Lastly, the price-to-economic book value (PEBV) ratio for the S&P 500 is 2.6 and 3.5 for the Russell 2000 Value. The PEBV ratio for RSEIX is only 1.5. This ratio means that the market expects the profits for the S&P 500 and Russell 2000 Value to more than double and triple respectively, from their current levels. Meanwhile, the market expects the profits of the companies held by RSEIX to grow by only 50% from current levels, per Figure 2 above.

Higher profitability coupled with lower market expectations is the cornerstone of value investing, and Royce Special Equity Fund allocates capital to stocks that fit the true “value” description.

This Fund Charges Below Average Fees

With total annual costs (TAC) of 1.29%, RSEIX charges less than 63% of Small Cap Value mutual funds under coverage. Coupled with its quality holdings, below average fees make RSEIX (and the other classes of shares) more attractive. More details can be seen in Figure 3, which includes the three additional classes of the Royce Special Equity Fund, which also receive our Attractive rating. For comparison, the average TAC of the 264 Small Cap Value mutual funds under coverage is 2.32%, the weighted average is lower at 1.59%, and the benchmark, IWN, charges total annual costs of 0.28%.

Figure 3: Royce Special Equity Fund’s Cost Comparison


Sources: New Constructs, LLC and company filings 

In our recent Danger Zone report, the difference between SNWAX’s expense ratio and its TAC was 2.79 percentage points. While not perfect, Royce Special Equity Funds’ expense ratio does a much better job of representing the true costs of investing in the fund.

To justify its higher fees, the Royce Special Equity Fund must outperform its benchmark (IWN) by the following over three years:

  1. RSEIX must outperform by 1.01% annually.
  2. RYSEX must outperform by 1.13% annually.
  3. RSEFX must outperform by 1.41% annually.
  4. RSQCX must outperform by 2.31% annually.

The outperformance that excessive fees require (for investors to get their money’s worth) is not only minimal, but has been surpassed over the past decade, per Figure 4. We also recognize that past performance is no indicator of future success, but Royce Special Equity Fund’s quality holdings have clearly led to outperformance. Year-to-date, RSEIX is up 24%, slightly outperforming IWN, which is up 22%.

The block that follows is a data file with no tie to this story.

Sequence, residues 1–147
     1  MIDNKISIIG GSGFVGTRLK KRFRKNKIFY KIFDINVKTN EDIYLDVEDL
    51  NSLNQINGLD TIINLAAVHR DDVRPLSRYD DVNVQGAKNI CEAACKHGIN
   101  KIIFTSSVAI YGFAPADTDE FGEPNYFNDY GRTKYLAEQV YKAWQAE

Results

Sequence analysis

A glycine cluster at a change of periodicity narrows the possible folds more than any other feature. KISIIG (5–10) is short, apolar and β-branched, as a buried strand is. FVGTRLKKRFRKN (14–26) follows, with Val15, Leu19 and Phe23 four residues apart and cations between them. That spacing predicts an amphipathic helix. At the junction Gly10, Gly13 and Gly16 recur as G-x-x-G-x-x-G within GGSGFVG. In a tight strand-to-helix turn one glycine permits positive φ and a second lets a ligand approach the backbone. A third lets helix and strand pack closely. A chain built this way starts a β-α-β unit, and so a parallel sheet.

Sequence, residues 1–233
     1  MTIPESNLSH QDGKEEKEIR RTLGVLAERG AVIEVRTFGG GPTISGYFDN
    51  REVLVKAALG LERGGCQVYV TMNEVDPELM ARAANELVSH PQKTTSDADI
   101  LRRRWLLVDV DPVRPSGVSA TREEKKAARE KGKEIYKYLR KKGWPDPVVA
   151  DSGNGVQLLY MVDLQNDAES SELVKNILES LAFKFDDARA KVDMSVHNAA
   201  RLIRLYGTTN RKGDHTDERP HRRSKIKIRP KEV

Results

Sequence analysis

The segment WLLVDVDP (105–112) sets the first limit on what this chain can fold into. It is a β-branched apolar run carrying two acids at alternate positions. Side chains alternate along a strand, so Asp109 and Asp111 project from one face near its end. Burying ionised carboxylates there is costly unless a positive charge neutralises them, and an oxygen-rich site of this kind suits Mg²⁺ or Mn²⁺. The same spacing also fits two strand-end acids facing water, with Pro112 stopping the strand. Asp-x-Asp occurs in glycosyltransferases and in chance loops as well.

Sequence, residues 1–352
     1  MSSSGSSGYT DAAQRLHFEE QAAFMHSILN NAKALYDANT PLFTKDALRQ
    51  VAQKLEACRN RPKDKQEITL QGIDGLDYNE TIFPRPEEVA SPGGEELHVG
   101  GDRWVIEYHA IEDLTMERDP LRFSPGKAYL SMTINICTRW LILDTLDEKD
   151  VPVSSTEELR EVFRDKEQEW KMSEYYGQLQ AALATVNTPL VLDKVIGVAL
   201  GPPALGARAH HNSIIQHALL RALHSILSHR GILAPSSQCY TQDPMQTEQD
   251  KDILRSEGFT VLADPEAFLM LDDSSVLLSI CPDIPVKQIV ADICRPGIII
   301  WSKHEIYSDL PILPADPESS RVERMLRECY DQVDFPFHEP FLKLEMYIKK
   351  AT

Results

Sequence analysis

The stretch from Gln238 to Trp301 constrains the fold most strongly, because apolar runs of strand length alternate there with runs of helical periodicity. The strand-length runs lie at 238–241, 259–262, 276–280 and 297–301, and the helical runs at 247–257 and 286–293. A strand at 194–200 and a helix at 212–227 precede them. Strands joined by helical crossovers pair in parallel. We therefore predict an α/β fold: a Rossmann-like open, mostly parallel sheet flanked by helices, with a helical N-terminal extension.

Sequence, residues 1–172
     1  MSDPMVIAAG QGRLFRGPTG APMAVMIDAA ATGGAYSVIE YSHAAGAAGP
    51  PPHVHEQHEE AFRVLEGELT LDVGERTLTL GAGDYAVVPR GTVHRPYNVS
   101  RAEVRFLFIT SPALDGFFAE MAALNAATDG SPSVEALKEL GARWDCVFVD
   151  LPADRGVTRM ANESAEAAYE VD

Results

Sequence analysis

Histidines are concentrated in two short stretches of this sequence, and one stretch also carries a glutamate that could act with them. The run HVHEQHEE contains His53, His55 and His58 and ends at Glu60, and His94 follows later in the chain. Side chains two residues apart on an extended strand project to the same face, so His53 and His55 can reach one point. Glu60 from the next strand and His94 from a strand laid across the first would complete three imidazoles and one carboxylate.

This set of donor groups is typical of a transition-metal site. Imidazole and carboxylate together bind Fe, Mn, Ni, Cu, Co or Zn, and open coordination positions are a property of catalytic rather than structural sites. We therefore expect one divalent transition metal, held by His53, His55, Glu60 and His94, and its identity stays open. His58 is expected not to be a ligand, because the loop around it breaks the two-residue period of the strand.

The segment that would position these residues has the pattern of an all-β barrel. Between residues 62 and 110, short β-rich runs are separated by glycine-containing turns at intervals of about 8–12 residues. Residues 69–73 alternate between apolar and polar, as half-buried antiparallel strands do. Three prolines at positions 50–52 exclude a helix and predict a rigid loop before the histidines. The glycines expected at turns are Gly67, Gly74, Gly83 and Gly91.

Ultimately, the underlying fundamentals of Royce Special Equity Fund’s holdings, with low market expectations, provide excellent opportunity for outperformance moving forward.

Figure 4: Royce Special Equity Fund Vs. IWN


Sources:   New Constructs, LLC and company filings.

The Importance of Holdings Based Fund Analysis

The analysis above shows that investors have options if they’re looking to invest in the Small Cap Value style. Furthermore, Royce Special Equity is able to justify its fees through high quality asset allocation, which is the only reason to pay fees above the ETF benchmark to begin with.

More Fund Research That Does A Deep Dive Into Holdings

Each quarter we rank the 10 sectors in our Sector Ratings for ETF & Mutual Funds and the 12 investment styles in our Style Ratings For ETFs & Mutual Funds report. This analysis allows us to find funds that investors using traditional fund research may overlook. As we know, past performance is no indicator of future success, which is why the backbone of our ETF and mutual fund ratings is the quality of the holdings. After all, the performance of the holdings drives the performance of the fund.

This article originally published here on November 17, 2016.

Disclosure: David Trainer and Kyle Guske II receive no compensation to write about any specific stock, sector, style, or theme.

Click here to download a PDF of this report.